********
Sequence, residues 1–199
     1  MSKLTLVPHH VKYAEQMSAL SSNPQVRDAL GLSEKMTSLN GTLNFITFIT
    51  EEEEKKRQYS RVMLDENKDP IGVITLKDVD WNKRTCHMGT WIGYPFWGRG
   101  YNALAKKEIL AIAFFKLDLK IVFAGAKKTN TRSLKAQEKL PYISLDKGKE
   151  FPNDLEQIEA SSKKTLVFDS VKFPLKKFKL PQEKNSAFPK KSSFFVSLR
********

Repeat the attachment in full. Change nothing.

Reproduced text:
Sequence, residues 1–199
     1  MSKLTLVPHH VKYAEQMSAL SSNPQVRDAL GLSEKMTSLN GTLNFITFIT
    51  EEEEKKRQYS RVMLDENKDP IGVITLKDVD WNKRTCHMGT WIGYPFWGRG
   101  YNALAKKEIL AIAFFKLDLK IVFAGAKKTN TRSLKAQEKL PYISLDKGKE
   151  FPNDLEQIEA SSKKTLVFDS VKFPLKKFKL PQEKNSAFPK KSSFFVSLR